A Virginia woman recounted her painful ordeal with the Zika virus and said she still has some lingering symptoms related to the earlier infection.
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Heather Baker told ABC News that she is still dealing with health issues after being diagnosed with the Zika virus earlier this year.
Baker was diagnosed after going on a mission trip to Guatemala in November, according to ABC affiliate WHSV-TV.
“After I got home from my trip, I discovered as swollen lymph node on this side of my head and so I just knew immediately that my body was fighting something,” Baker told WHSV-TV.
She was tested for multiple diseases, including the tropical disease Chikungunya, but none of those tests turned up positive. She then heard about the Zika virus and was tested for that virus.
“When [the Chikungunya test] came back negative, by that point, I had heard the name Zika, and I was like, ‘I think that’s what it is,’” Baker said.
While the symptoms of the Zika virus generally last less than a week, Baker said some of her symptoms have persisted for nearly eight weeks.
“There are a lot of unknowns right now and we are just doing the best we can with what we have, and my hope is that there’s someone out there somewhere who has studied this,” Baker told WHSV-TV.
Baker declined to speak in detail to ABC News, due to feeling ill. She did say she wanted to share her story to encourage other people to take precautions when visiting Zika-affected countries.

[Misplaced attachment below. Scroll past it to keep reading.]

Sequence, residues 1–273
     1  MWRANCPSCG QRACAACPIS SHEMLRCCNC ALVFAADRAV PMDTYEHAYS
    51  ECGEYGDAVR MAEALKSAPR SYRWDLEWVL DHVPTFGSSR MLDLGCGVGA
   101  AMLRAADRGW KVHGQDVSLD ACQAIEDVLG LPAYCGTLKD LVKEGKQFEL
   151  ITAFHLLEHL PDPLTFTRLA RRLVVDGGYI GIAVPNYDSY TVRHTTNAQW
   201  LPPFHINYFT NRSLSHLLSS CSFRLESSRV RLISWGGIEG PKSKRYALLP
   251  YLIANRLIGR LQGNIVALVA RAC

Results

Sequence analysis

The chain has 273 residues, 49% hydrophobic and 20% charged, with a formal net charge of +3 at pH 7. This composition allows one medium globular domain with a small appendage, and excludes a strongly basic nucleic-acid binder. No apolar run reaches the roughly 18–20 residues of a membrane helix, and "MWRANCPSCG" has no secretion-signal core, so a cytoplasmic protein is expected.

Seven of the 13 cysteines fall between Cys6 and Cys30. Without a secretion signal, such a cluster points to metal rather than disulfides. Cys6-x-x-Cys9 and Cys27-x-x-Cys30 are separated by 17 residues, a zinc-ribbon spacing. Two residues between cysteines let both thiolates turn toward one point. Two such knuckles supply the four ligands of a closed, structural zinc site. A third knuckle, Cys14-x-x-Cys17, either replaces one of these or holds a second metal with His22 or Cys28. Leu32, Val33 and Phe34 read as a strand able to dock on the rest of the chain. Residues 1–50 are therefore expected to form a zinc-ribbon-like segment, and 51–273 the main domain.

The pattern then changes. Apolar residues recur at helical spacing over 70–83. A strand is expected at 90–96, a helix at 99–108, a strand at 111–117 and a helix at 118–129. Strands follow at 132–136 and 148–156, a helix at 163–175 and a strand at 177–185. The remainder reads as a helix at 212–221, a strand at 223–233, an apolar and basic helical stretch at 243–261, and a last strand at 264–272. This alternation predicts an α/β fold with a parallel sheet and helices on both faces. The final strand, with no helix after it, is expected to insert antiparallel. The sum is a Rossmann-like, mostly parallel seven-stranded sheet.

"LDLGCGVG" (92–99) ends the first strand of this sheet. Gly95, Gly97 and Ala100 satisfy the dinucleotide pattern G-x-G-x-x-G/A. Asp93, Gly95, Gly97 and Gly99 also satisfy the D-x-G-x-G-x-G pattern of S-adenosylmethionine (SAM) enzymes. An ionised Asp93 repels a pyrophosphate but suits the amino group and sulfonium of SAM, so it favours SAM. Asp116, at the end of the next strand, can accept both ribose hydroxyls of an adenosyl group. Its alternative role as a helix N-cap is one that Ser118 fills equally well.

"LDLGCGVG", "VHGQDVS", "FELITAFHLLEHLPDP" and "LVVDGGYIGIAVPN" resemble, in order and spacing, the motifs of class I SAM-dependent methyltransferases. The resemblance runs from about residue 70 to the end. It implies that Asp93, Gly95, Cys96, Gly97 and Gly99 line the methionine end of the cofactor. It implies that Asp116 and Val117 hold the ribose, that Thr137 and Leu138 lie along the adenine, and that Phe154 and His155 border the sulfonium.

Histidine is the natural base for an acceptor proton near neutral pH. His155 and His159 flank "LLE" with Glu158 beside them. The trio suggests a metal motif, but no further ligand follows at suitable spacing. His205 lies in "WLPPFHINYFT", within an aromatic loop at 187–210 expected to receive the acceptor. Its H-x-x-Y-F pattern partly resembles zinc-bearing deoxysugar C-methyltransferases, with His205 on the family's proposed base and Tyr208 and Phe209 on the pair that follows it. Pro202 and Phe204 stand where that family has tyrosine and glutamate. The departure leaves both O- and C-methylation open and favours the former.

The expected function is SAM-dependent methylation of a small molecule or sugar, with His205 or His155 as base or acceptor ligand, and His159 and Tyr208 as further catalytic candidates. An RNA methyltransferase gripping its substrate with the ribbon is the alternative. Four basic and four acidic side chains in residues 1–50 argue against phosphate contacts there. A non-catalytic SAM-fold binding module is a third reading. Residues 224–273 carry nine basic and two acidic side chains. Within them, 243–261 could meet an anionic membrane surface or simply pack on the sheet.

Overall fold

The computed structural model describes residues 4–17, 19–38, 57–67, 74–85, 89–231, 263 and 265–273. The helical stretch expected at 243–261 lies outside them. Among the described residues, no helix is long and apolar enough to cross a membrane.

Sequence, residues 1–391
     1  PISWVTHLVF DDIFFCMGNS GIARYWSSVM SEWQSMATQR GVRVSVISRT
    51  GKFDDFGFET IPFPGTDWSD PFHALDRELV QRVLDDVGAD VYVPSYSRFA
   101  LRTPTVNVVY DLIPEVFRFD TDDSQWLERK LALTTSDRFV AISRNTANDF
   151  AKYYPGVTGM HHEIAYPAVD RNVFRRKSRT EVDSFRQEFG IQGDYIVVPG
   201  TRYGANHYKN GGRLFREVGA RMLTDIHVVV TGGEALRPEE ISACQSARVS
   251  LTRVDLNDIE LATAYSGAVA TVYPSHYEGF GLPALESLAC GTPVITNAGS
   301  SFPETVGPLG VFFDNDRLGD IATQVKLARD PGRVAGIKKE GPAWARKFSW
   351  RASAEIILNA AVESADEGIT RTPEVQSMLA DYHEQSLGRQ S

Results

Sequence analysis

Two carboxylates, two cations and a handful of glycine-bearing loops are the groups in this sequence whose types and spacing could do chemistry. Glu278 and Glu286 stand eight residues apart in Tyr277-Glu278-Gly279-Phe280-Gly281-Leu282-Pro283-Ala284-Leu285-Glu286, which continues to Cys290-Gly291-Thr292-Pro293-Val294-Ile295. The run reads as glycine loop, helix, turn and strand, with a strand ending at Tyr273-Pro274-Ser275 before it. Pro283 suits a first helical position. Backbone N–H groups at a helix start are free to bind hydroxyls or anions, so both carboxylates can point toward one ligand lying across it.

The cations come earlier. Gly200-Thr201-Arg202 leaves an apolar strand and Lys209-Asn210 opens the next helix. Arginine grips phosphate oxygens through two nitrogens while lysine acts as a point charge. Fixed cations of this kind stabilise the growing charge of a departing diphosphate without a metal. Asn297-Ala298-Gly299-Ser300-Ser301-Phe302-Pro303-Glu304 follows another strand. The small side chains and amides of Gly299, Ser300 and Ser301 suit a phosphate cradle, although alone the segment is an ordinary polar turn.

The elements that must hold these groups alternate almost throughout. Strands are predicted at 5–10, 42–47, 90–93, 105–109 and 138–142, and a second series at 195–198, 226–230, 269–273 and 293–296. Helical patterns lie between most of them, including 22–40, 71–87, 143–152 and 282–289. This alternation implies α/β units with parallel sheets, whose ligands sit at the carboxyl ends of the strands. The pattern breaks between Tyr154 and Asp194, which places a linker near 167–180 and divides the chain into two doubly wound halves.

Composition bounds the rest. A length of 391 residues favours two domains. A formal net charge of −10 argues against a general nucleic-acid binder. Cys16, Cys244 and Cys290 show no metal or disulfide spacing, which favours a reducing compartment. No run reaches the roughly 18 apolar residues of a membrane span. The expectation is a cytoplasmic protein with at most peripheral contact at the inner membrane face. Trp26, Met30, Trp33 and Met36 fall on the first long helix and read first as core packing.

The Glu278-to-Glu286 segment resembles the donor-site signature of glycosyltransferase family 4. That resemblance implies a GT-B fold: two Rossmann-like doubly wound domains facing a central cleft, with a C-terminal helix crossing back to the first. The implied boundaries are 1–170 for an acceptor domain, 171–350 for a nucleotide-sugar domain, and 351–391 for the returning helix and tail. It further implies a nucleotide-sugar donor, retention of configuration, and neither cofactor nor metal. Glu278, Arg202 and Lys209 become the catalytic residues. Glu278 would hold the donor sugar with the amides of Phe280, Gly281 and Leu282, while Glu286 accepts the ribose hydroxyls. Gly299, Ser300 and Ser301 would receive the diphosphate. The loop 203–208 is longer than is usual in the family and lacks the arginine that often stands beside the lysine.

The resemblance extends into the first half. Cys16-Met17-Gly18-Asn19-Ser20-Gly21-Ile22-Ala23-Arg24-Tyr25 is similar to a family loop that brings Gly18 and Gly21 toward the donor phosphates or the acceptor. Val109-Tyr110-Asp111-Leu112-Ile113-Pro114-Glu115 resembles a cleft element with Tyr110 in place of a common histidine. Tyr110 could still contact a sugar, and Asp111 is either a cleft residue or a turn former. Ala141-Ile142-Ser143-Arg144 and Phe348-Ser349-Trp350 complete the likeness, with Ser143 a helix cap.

The Zika virus usually results in mild symptoms including fever, rash and fatigue that rarely last longer than a week, according to the U.S. Centers for Disease Control and Prevention. The virus has been associated with a worrying rise in a birth defect called microcephaly in Brazil.
Dr. William Schaffner, an infectious disease expert at Vanderbilt University, said there may be multiple reasons that Baker has continued to have symptoms weeks after the virus. He explained that she may have unknowingly had a complication or a secondary infection that caused her symptoms to worsen.
"I haven’t heard of anything like this," Schaffner said. "I’m not sure how long and which symptoms have persisted. But everything is possible and some things are very common and some things are unusual."
He said another possibility is that Baker had an inflammatory immune response where she felt symptoms long after the virus has left her body.
"We don’t know if the virus can persist or if it can set up an inflammatory response that can continue to make you ill for a period of time," he explained.